It’s never too late to learn something new, as 93-year-old Queen Elizabeth II, a newly minted Instagrammer, demonstrated once again on Wednesday when she dropped by a Sainsbury’s pop-up shop in the original central London site of the supermarket chain’s first shop to celebrate its 150th anniversary. Back in the 1800s, only three products were available for purchase: milk, butter, and eggs. Of course, that’s no longer the case; according to the Daily Mail, the Queen was “struck by changing tastes when she was shown the contents of a modern day shopping basket.”
As it turned out, that was just the first of several shocks in store; the Queen was astonished to discover the manner in which each of those products could be purchased—that is, without the help of cashiers. The concept of self-checkout stations was so foreign to her, in fact, that she couldn’t help but wonder if they weren’t just de facto stations for shoplifting. “And you can’t trick it? You can’t cheat it then?” she asked the regional manager who showed her how to use one properly, explaining that shoppers enjoy the system because it speeds along the checkout process. The Queen, apparently, can relate: “I’m sure they do. Everybody wants to hurry,” she responded.
The concept of shoppers being able to pay for their groceries through an app seems to have left the Queen equally impressed: “That’s an interesting tool,” she added.
This was not, in fact, the Queen’s first encounter with the self-checkout process; photos of her 2016 trip to another grocery store, a Waitrose supermarket in Poundbury, prove as much. To be fair, there was no shortage of distractions that day—particularly for someone who doesn’t spend much time food shopping. The Queen also made use of her time there by, for example, roaming the “specialty” aisle.
Even at that point, though, the Queen had become something of a grocery store veteran; she also dropped by a Waitrose in Windsor in 2008. In fact, she’s even taken her grocery store tour international, making time to prowl the frozen meat section of a Giant in Queenstown, Maryland, with Prince Philip on their royal visit to the United States in 1957—a time when shoplifting really was the only form of self-checkout.
An Appreciation of Queen Elizabeth II’s 93 Years of Loving Corgis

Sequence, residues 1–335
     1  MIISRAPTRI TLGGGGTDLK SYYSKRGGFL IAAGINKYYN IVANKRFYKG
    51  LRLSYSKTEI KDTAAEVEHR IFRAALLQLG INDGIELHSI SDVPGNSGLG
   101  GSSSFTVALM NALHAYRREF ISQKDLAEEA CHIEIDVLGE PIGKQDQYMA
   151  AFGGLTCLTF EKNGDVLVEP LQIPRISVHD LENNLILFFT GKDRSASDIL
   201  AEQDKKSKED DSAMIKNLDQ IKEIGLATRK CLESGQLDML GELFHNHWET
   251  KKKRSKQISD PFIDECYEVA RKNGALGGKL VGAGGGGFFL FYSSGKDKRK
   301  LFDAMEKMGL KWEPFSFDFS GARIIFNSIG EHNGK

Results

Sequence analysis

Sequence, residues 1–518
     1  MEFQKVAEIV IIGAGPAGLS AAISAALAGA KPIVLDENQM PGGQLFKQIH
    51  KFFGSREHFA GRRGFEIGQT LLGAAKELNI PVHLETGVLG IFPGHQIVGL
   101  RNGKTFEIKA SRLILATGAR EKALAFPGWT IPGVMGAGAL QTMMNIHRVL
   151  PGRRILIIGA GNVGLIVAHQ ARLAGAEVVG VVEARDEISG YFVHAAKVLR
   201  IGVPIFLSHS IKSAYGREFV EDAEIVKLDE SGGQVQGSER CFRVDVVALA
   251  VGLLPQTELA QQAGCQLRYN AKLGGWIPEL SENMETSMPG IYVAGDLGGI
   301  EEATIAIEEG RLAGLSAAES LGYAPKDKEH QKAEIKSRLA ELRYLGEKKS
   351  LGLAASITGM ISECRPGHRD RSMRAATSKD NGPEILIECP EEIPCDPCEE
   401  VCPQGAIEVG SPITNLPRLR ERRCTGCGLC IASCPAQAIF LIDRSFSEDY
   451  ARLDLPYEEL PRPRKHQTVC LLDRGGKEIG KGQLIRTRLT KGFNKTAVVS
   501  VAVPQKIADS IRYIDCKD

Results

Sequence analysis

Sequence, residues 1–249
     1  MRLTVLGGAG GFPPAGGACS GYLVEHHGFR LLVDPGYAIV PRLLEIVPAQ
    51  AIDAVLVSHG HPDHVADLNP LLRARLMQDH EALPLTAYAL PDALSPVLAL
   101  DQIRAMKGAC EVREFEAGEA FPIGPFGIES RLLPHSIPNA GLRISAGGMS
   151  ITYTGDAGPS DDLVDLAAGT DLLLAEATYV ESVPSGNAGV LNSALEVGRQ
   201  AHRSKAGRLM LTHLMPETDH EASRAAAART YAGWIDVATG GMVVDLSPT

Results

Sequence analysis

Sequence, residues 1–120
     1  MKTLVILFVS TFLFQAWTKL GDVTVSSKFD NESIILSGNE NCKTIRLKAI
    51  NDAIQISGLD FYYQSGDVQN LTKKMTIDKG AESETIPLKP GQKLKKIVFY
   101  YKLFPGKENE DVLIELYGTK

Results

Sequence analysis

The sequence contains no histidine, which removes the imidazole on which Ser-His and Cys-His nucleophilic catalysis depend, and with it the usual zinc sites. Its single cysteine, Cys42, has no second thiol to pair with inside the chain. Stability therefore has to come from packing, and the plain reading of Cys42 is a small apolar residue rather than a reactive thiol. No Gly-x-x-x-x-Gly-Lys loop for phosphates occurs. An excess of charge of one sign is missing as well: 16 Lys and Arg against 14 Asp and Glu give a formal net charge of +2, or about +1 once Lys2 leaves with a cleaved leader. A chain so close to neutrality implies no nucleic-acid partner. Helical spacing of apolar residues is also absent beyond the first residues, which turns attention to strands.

Queen Elizabeth II with two corgis at her home at 145 Piccadilly, London, 1936.
Queen Elizabeth II and Princess Margaret at the windows of Y Bwthyn Bach, aka the Welsh House, a miniature house presented to them by the people of Wales, built in the grounds of the Royal Lodge, Windsor, 1936
Queen Elizabeth II with her dogs in her study, 1972.
Queen Elizabeth II with the Queen Mother, Princess Margaret, and one of the family’s corgis at a railway station, circa 1935.
Queen Elizabeth II arrives at King’s Cross railway station in London with her corgis after holidays in Balmoral Castle in Scotland and before welcoming the astronauts of Apollo 11 who walked on the moon to Buckingham Palace, 1969.
Queen Elizabeth II sitting on a garden seat with two corgis at her home on 145 Piccadilly, London, 1936.
Princess Margaret and Queen Elizabeth II with gardening equipment and a pet corgi on a terrace of the Royal Lodge, Windsor, 1940.
Queen Elizabeth ll arriving to the Aberdeen Airport with her corgis to start her holidays in Balmoral, Scotland, 1974.
Queen Elizabeth II and Princess Margaret sitting on the grass in the grounds of the Royal Lodge, Windsor, stroking a corgi, 1936.
Queen Elizabeth II with her corgi Sue at Windsor Castle, 1944.
Queen Elizabeth II walking the Cross Country course with some of her corgis during the second day of the Windsor Horse Trials, 1980.
Queen Elizabeth II and Princess Margaret studying whilst a corgi sleeps at their feet in a drawing room at Windsor Castle, Berkshire, 1940.
Queen Elizabeth II with her dogs at a window of Y Bwthyn Bach, aka the Welsh House, a miniature house presented to her and Princess Margaret by the people of Wales, built in the grounds of the Royal Lodge, Windsor, 1936.
Queen Elizabeth II and Princess Margaret in a carriage in the grounds of the Royal Lodge in Windsor Great Park, 1940.
Queen Elizabeth II relaxes at Sandringham with her corgis, 1980.
Queen Elizabeth II with two corgis and Princess Anne on the runway of an airport in London, 1969.
Queen Elizabeth II carrying one of her dogs at Windsor Great Park, England, 1990.
Queen Elizabeth at Balmoral Castle in Scotland with one of her corgis, 1952.
Queen Elizabeth II traveling in the back of a car with one of her corgis, circa 1980.
Queen Elizabeth II hugging Dookie, her first-ever corgi, 1936.